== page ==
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Years of extracting salt from the earth have taken a toll on Lüneburg, delightfully so. Given the subsidence of the salt dome beneath the town, facades buckle, towers lean precariously, and entire streets seem a little off kilter. (A few medieval landmarks actually toppled over in the 20th century). That only adds to the delight of walking along Am Sande and other old lanes in the Altstadt. Am Sande (so named for the sandy ground that predated today’s cobbles) is also the name of the city’s most beautiful square, where salt merchants once laid out their wares. The Schütting, or "Black House," on the western side of the square takes its name from the glazed black bricks that cover its façade.

Nearby rises Lüneburg’s most beloved landmark, St. Johanniskirche, with its 108-m (350-ft) tall sloping tower. The definite lean of the tower is all a bit of a visual trick, as the corkscrew shape of the structure makes it seem more off balance than it really is. As the story goes, the 14th-century architect was so appalled when he saw the effect of his design that he jumped out of a window of the tower but landed in a hay cart. To celebrate his good fortune the poor fellow retired to a tavern, drank himself into a stupor, fell over, hit his head on the stone hearth, and died. Too bad, as he had much to be proud of. The five-naved church is a masterpiece of Northern Gothic architecture and often resounds with the sounds of a massive pipe organ on which Johann Sebastian Bach once honed his craft.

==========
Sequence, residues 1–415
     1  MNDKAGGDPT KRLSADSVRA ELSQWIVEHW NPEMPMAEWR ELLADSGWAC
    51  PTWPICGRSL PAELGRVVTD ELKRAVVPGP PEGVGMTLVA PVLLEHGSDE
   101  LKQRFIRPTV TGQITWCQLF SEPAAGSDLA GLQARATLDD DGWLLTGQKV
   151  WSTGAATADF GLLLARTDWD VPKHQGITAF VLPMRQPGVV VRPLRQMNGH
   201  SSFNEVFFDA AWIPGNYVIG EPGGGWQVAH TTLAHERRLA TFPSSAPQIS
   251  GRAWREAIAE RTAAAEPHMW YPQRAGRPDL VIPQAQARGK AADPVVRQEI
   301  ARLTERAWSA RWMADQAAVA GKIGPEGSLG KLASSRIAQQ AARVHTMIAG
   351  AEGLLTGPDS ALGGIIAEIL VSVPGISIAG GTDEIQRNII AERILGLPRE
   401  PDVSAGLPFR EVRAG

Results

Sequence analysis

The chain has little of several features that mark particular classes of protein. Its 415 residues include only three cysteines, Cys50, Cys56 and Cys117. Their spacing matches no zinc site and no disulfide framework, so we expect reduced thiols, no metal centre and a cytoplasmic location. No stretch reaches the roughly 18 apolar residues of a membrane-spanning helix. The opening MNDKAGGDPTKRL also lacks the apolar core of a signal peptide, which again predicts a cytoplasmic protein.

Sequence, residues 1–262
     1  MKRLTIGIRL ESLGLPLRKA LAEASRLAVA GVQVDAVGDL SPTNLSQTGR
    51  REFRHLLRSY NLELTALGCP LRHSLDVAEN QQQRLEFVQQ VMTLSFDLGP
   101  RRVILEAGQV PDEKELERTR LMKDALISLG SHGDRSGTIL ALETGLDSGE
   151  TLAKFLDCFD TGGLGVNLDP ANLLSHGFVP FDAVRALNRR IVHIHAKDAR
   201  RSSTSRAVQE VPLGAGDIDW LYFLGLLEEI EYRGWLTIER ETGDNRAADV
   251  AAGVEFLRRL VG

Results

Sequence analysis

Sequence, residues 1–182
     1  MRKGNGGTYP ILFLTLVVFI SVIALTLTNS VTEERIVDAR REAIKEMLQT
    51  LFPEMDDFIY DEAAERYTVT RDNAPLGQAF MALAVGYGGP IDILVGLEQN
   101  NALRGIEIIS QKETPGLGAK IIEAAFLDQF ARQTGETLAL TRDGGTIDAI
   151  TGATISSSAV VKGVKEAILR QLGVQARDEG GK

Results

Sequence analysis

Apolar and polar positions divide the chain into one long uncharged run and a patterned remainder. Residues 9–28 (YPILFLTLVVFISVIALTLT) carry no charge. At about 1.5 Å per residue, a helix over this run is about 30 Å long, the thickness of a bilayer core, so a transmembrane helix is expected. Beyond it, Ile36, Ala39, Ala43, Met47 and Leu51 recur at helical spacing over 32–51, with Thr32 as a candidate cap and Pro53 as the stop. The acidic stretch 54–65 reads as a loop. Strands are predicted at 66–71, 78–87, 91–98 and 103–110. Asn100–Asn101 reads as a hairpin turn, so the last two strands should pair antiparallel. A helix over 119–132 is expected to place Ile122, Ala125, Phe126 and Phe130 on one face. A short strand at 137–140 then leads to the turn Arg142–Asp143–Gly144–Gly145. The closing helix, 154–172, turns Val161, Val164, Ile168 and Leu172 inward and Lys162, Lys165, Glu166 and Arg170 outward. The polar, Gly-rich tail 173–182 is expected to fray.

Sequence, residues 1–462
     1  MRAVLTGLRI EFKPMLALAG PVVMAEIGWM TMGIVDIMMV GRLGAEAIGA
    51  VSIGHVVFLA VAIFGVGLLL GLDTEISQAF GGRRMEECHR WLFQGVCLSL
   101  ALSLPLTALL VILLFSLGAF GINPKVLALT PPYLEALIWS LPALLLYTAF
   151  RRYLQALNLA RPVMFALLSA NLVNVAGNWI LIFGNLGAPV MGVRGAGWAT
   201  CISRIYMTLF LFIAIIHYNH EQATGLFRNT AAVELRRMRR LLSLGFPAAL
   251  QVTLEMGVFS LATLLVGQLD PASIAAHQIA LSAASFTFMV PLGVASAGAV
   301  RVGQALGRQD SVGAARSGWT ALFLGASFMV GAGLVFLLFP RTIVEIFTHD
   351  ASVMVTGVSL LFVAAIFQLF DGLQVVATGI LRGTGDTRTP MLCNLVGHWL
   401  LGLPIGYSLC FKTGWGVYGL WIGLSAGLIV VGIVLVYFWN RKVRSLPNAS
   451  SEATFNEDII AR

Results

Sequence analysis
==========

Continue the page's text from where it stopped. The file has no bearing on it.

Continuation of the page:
Another monument to the town’s industriousness is the Alter Kran, or Old Crane, on the Stintmarkt quayside in the old river port. The sturdy wood and iron device now hanging over the waters of the River Ilmenau is an 18th-century replacement for the medieval original that was used to load the town’s precious cargo onto barges. Salt also traveled north to Lübeck and Scandinavia via wagon along the Old Salt Route.

Lüneburg is also the ideal starting point for excursions into the Lüneburg Heath, nearly 775 sq. km (300 sq. miles) of sandy soil mainly covered with brush, heather, and sheep. In late summer, the flowering heath turns from green to purple. You’ll find the most dramatic, wind-swept, and bleakly evocative scenery in the center of the heath in the Naturschützpark Lüneburger Heide (Luneberg Heath Nature Park; www.naturpark-lueneburger-heide.de), a preserve for plants and wildlife. To reach the park from Lüneburg, drive 35km (22 miles) west, following the signs to Salzhausen. After you cross the bridge over the A7 Autobahn, follow the brown-and-white signs into the park.

Note: This information was accurate when it was published, but can change without notice. Please be sure to confirm all rates and details directly with the companies in question before planning your trip.